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Old 08-23-2008, 09:52 AM   #16
Registered: Jun 2008
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I'm thinking about just rewriting the second script as a C program. Then then SUID bit should actually function.

Is there anyway to call a linux shell command (like cp for copying) from a C program? That would make life easier.

hmm "system()" function. I'll look it up.


Rewrite the script... I'm just going to make a tiny wrapper program to call the script for me... actually I just finished making it. Now to test...

Last edited by davidstvz; 08-23-2008 at 11:15 AM.
Old 08-23-2008, 11:38 AM   #17
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I just wrote a test program ( while(true); ) and set the suid bit and the owner, but when the unprivileged user runs the program, it does not pay any attention to the suid bit as far as I can tell.

I don't know what I could have done wrong. Here are the permissions:

-rwsr-xr-x 1 privuser group 10385 2008-08-23 11:27 a.out

Here is the call from the regular user:


Here is what ps -aux reports:

privuser 32637 113 0.0 6900 840 pts/4 R+ 11:37 0:03 /home/privuser/bin/a.out


I think I got it! The default fstab option for suid vs. nosuid in suse is apparently nosuid. So I explicitly set it to suid and it appears to have finally started working right.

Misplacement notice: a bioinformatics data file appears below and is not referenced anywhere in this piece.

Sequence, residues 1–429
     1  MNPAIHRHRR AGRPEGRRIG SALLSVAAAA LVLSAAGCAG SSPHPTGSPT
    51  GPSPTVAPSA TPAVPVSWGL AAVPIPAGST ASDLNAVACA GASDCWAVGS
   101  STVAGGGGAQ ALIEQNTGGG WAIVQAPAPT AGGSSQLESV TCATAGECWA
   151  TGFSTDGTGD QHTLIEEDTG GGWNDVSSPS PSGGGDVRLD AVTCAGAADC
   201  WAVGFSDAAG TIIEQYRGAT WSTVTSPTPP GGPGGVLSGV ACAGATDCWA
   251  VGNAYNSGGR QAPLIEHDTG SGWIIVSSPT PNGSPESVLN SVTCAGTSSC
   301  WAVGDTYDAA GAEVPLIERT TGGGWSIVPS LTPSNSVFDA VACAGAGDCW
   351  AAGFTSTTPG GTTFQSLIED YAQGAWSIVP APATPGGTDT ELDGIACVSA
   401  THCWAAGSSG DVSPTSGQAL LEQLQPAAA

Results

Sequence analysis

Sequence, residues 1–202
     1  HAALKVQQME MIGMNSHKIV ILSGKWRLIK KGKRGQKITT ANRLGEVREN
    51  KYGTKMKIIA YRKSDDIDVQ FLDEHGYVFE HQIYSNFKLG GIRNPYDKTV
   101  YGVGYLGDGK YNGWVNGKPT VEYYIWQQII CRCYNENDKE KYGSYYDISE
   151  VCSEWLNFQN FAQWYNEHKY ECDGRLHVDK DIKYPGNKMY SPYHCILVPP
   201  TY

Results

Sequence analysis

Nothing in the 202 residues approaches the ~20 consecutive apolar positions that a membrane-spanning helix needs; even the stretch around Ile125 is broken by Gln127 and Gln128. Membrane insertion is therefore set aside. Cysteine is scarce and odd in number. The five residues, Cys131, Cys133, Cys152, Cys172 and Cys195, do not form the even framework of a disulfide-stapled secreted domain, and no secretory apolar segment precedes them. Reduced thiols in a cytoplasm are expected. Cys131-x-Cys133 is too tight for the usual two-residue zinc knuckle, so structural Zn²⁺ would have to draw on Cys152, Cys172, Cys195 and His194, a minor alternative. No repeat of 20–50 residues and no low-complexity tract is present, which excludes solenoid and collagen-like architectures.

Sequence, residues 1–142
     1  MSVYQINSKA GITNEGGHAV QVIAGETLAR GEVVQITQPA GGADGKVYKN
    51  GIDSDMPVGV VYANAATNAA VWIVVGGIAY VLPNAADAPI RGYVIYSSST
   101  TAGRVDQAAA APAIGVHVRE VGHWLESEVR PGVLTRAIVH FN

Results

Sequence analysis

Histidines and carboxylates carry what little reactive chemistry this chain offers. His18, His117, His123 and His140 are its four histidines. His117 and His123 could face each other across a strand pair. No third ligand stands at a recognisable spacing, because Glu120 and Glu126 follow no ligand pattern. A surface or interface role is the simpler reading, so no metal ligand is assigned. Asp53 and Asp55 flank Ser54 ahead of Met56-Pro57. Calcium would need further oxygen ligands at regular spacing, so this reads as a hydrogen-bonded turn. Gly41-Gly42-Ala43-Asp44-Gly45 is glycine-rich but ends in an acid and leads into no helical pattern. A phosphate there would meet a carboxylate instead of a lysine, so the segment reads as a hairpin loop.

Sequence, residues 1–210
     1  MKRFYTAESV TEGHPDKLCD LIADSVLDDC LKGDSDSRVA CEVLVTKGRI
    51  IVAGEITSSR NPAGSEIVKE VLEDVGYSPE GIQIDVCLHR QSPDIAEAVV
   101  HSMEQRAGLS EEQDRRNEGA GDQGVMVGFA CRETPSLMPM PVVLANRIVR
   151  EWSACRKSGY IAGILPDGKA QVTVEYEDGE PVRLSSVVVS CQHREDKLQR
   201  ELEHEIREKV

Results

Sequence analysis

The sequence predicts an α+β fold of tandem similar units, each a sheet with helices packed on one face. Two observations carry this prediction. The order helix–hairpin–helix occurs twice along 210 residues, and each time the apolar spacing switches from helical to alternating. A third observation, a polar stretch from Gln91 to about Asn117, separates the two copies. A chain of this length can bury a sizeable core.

Now to test the actual functionality.


And it does NOTHING (*#$)(*#@


PS shows the user ID for the privileged user, but when the program tries to even access the shellscript (which I now have set to rwx------ so that only the privuser can run it) the rws program won't even access it.

Makes no sense...

Is there a special way to invoke suid?

Last edited by davidstvz; 08-23-2008 at 11:55 AM.
Old 08-23-2008, 12:27 PM   #18
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Is it possible that when I make the system() call from the suid program, it loses suid privileges and reverts back to the user's privileges?
Old 08-23-2008, 01:33 PM   #19
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That's exactly what's happening. I've verified that the suid wrapper I wrote is running properly (it can write files and everything, though so far it won't create directories though I am just using ofstream myfile;

It will only make a new file in a directory that already exists and has --x privileges set for group. weird.


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